It was stormy in Southern California last Tuesday, but for once El Niño wasn't to blame. This was a political storm-the first congressional election of 1998 and one widely regarded as a portent of things to come in November.
Democrat Lois Capps beat state assemblyman Tom Bordonaro in a special election to fill the unexpired term of her husband, Walter Capps, who died of a heart attack 10 months after taking office. The race was compelling from the start: Ms. Capps, the grieving widow of a liberal religion professor, facing off against Mr. Bordonaro, a fiery social conservative confined to a wheelchair since an automobile accident 20 years ago. Mr. Bordonaro, in turn, had won the GOP nod by defeating Brooks Firestone, the wealthy vintner and heir to a tire-company fortune who boasted the most liberal voting record of any Republican in the State Assembly.
With registered Democrats outnumbering Republicans by fewer than 3,000 districtwide, the race was considered a tossup. That led outside groups to weigh in with an advertising blitz that both candidates decried for shifting the focus away from local issues. Gary Bauer's Campaign for Working Families, the PAC that almost singlehandedly secured the GOP nomination for Mr. Bordonaro, followed up in the general election with television ads highlighting Ms. Capps's support of partial-birth abortion. The National Abortion Rights Action League responded with a $100,000 ad campaign calling Mr. Bauer an extremist-and failing even to mention either candidate in the race. To further muddy the waters, two PACs advocating term limits spent another $300,000 supporting Ms. Capps because Mr. Bordonaro would not sign a pledge limiting himself to three terms-although he does support a Constitutional limit on congressional service, which Ms. Capps opposes.
Ultimately, Mr. Bordonaro's loss may have had more to do with bad blood than with big bucks. After the bitterly contested GOP primary, the much-ballyhooed "big tent" collapsed spectacularly, with many disgruntled establishment Republicans refusing to line up behind the party's nominee. Just before the election, some wealthy Republicans attended a Capps fundraiser in Montecito while dozens more in Santa Barbara took out a newspaper ad announcing their defection to the Democrats. Even Mr. Firestone's own son donated beer from the family's brewery to the Capps campaign. (Mr. Firestone himself did, however, host a last-minute rally on Mr. Bordonaro's behalf.)
Despite the Republican defeat, Campaign for Working Families director Connie Mackey claimed that "we can be successful with the partial-birth abortion issue." She attributed Mr. Bordonaro's defeat to his 2-to-1 spending disadvantage and the confusion over issues such as term limits. But as for the "bottom-line" issue of abortion: "Partial-birth abortion became a very well-known issue in that district. While I'm sure the people in the district weren't too thrilled to have to hear about the issue, our numbers show that people who became aware of the issue through our ads voted for us."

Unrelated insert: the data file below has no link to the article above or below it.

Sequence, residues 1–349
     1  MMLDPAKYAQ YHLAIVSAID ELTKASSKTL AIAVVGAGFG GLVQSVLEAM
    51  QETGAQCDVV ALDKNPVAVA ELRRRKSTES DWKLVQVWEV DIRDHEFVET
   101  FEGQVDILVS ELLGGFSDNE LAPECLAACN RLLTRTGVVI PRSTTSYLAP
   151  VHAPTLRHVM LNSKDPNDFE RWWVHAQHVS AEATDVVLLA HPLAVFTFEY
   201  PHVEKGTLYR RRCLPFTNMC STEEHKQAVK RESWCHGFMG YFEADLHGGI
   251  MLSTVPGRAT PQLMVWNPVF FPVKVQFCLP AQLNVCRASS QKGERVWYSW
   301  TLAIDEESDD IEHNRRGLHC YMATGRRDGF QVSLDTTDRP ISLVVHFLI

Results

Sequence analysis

CWF is already gearing up for its next major test, this one in Illinois' 13th congressional district. State Rep. Judy Biggert, a moderate, pro-abortion Republican, leads the polls there at the moment. But any day now, CWF is expected to hit the airwaves with a $100,000 ad campaign on behalf of her more conservative opponent, Peter Roskam. Ms. Biggert knows that partial-birth abortion has torpedoed the nominations of other moderate Republicans, and she is already framing the issue as one of outside meddling in local politics. "It's not really an issue in this race," she told National Public Radio last week. "The problem is that it's the No. 1 issue of the ultra-conservatives."
With CWF planning to spend up to $4 million in support of pro-life candidates around the country, that refrain is certain to be heard again and again. If pro-abortion candidates continue to lose Republican primaries based on their support of partial-birth abortion, the pro-life wing of the party may convincingly claim to be the "mainstream" of the GOP, challenging moderates to live up to their "big-tent" rhetoric. Meanwhile, vulnerable pro-abortion candidates will continue to complain of outside interference, giving impetus, perhaps, to campaign-reform proposals that would limit the expenditures-and the influence-of groups like Mr. Bauer's.
None of which matters much to Mr. Bordonaro. His concerns are more immediate: He's gearing up to challenge Ms. Capps again in November, when she will have to run for a full term. For Mr. Bordonaro-and for the rest of America-a long election year has just begun.